“I told them we wouldn’t wear our T-shirts. We wouldn’t tell anyone who we are with. We just want to help out,” Brannon said. “And they told us that we were not allowed.”
According to the Soup Kitchen’s website, the organization is dependent upon volunteers, having more than 600 community volunteers with a mission to serve the hungry in Spartanburg.
Lou Landrum, executive director of the Soup Kitchen, told the Herald-Journal she would resign from her job before she let atheists volunteer and be a “disservice to this community.”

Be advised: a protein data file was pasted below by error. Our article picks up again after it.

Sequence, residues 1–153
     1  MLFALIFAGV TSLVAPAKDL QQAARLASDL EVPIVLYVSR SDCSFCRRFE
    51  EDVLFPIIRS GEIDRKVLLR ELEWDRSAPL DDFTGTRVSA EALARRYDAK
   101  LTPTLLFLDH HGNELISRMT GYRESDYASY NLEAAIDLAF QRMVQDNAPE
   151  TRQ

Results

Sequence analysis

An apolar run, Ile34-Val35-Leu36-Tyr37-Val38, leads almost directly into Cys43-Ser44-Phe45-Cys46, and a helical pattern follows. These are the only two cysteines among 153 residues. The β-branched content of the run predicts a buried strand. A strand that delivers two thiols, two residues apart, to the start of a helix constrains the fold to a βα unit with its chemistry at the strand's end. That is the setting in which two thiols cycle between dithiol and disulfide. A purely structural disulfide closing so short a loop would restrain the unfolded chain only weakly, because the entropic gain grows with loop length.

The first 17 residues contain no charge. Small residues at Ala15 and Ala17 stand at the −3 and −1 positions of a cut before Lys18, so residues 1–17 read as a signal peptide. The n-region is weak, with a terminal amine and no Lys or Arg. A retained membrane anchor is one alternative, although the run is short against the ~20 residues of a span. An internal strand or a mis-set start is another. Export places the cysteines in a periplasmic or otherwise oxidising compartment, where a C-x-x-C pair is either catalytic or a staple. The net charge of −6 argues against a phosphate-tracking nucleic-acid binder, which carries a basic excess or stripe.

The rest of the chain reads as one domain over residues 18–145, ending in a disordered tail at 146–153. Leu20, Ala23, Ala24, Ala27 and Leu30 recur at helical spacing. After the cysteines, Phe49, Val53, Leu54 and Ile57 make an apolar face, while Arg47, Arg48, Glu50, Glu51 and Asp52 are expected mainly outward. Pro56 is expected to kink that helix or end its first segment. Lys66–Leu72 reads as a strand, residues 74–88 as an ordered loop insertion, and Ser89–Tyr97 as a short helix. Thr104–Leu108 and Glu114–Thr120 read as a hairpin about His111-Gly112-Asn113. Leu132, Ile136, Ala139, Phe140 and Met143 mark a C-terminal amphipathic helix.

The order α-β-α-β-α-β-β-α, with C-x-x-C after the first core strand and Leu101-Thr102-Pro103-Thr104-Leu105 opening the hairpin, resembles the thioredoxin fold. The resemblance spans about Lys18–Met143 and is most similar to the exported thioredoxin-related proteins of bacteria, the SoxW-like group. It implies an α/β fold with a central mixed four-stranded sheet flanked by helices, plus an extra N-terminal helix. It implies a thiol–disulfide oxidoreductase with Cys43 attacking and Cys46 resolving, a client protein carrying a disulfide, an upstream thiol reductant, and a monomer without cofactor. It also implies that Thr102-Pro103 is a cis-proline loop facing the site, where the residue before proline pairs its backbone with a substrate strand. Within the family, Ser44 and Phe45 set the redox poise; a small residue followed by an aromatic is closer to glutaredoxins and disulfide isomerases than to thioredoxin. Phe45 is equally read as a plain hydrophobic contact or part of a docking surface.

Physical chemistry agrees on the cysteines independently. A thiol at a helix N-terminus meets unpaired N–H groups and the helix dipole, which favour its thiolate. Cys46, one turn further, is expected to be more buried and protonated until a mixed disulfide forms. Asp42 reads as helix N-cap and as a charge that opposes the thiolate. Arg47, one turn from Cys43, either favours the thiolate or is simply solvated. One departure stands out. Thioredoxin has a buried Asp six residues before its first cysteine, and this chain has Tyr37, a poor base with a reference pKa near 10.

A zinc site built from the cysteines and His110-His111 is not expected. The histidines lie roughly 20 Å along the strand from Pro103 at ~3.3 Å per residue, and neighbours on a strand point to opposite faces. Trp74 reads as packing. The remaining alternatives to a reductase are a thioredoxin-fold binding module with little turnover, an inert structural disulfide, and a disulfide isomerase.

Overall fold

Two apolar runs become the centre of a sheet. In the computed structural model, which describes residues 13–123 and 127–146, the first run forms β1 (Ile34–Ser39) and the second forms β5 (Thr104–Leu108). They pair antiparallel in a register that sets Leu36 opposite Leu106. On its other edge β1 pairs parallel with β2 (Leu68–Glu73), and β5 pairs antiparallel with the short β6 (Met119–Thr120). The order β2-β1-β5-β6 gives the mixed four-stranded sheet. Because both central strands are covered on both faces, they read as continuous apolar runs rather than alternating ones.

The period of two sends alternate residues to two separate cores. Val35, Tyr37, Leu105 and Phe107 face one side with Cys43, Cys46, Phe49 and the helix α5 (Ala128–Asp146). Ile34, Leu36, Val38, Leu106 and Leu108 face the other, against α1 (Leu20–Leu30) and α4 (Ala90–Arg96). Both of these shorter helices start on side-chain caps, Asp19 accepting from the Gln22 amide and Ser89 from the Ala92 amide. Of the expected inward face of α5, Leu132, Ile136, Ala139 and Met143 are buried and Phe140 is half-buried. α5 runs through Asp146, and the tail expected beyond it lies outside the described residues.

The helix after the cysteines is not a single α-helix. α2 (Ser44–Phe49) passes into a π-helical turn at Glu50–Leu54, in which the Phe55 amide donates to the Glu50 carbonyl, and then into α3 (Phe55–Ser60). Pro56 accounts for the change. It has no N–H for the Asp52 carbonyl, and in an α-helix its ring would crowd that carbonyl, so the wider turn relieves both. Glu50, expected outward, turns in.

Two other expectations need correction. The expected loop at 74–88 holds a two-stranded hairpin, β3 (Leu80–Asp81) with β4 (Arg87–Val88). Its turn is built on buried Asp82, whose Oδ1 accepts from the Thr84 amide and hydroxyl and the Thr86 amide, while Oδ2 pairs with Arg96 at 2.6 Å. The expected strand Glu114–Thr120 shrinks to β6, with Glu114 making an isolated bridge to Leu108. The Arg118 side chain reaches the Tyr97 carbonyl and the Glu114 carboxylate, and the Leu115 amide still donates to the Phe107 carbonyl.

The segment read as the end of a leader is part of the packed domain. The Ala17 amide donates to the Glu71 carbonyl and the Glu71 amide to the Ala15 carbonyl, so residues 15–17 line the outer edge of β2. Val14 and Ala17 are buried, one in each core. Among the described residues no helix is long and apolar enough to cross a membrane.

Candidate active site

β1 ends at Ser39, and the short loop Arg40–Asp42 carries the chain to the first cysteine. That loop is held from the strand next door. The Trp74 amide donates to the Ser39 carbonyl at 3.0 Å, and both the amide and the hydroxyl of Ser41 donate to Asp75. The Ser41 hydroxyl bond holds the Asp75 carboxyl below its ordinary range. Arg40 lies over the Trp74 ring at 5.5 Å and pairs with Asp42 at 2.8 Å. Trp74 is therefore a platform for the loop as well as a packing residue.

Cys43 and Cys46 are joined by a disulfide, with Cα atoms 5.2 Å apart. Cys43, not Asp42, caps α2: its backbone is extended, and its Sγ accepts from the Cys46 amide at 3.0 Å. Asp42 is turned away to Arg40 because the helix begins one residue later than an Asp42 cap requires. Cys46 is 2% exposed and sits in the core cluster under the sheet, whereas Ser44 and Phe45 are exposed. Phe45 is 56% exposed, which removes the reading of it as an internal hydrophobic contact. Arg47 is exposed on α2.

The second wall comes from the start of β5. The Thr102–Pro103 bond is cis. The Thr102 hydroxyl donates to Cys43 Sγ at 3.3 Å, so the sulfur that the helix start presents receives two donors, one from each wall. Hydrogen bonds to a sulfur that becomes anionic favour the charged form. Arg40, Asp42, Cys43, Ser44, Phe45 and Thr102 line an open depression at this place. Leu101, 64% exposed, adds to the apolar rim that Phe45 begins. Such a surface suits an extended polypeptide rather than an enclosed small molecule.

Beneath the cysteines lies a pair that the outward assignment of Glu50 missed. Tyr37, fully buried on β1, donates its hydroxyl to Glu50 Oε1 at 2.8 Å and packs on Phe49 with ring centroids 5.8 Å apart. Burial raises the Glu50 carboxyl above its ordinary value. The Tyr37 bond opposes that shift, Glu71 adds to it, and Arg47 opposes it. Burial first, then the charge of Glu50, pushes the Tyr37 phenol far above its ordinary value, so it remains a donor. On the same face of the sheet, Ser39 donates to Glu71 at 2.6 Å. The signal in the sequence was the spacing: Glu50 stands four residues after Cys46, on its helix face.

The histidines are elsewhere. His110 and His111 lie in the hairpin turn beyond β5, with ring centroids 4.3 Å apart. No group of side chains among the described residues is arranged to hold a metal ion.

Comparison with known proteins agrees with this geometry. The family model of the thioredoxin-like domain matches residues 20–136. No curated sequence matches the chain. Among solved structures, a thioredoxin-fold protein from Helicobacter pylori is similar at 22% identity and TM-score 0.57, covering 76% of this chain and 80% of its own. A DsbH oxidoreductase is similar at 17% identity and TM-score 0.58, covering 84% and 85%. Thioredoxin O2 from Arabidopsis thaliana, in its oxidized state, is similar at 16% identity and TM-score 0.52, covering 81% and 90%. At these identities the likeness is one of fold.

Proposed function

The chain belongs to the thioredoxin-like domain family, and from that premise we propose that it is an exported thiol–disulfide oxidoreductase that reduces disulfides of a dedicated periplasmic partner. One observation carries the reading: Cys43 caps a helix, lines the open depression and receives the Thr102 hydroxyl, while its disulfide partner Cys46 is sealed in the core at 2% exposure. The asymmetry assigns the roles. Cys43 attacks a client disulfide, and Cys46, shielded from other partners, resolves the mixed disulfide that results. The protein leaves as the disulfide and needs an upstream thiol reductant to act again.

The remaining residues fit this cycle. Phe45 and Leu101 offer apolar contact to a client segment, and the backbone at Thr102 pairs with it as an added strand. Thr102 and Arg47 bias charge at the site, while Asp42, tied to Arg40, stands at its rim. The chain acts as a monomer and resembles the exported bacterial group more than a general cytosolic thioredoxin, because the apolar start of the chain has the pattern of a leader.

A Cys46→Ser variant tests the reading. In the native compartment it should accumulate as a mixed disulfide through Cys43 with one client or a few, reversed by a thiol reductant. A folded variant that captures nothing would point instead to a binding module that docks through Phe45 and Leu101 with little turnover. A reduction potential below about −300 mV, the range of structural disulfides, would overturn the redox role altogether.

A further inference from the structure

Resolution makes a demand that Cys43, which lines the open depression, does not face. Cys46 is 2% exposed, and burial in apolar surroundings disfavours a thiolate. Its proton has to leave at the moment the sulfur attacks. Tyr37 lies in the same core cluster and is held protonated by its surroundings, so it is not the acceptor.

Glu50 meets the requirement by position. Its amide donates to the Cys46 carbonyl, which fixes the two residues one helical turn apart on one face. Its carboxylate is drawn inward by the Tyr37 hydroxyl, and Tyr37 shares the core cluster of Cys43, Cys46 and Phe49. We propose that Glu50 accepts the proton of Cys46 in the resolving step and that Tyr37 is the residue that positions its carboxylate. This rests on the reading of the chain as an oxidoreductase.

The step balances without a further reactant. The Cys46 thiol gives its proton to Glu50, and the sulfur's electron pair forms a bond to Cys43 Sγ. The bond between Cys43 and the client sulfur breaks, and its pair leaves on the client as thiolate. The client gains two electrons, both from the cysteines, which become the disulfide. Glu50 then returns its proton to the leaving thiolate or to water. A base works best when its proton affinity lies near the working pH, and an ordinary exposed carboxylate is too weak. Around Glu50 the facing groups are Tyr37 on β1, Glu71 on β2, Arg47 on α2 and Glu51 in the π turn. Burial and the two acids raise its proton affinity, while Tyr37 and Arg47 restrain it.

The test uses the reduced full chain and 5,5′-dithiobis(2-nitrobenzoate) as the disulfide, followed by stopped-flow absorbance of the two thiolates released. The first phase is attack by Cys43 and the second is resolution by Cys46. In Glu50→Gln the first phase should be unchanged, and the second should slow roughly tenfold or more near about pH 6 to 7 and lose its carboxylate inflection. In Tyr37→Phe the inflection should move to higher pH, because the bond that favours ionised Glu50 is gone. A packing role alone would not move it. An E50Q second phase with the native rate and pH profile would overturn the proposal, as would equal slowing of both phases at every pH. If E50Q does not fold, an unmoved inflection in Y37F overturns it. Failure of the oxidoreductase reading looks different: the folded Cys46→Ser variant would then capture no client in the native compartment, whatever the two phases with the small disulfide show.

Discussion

“This is a ministry to serve God” she said. “We stand on the principles of God. Do they (atheists) think that our guests are so ignorant that they don’t know what an atheist is? Why are they targeting us? They don’t give any money. I wouldn’t want their money.”